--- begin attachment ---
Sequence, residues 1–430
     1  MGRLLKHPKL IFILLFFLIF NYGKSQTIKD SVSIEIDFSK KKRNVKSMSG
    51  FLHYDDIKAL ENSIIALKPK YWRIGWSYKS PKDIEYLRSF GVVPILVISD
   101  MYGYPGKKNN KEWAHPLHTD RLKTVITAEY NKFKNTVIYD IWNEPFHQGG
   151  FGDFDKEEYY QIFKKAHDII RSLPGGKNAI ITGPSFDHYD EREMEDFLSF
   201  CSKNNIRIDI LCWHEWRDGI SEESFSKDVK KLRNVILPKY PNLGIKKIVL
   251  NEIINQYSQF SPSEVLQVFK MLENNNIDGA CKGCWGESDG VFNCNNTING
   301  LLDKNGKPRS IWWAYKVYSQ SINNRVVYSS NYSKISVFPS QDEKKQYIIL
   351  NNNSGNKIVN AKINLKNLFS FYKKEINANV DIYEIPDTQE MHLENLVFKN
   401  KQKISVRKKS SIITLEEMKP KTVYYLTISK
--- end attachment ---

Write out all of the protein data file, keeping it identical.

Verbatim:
Sequence, residues 1–430
     1  MGRLLKHPKL IFILLFFLIF NYGKSQTIKD SVSIEIDFSK KKRNVKSMSG
    51  FLHYDDIKAL ENSIIALKPK YWRIGWSYKS PKDIEYLRSF GVVPILVISD
   101  MYGYPGKKNN KEWAHPLHTD RLKTVITAEY NKFKNTVIYD IWNEPFHQGG
   151  FGDFDKEEYY QIFKKAHDII RSLPGGKNAI ITGPSFDHYD EREMEDFLSF
   201  CSKNNIRIDI LCWHEWRDGI SEESFSKDVK KLRNVILPKY PNLGIKKIVL
   251  NEIINQYSQF SPSEVLQVFK MLENNNIDGA CKGCWGESDG VFNCNNTING
   301  LLDKNGKPRS IWWAYKVYSQ SINNRVVYSS NYSKISVFPS QDEKKQYIIL
   351  NNNSGNKIVN AKINLKNLFS FYKKEINANV DIYEIPDTQE MHLENLVFKN
   401  KQKISVRKKS SIITLEEMKP KTVYYLTISK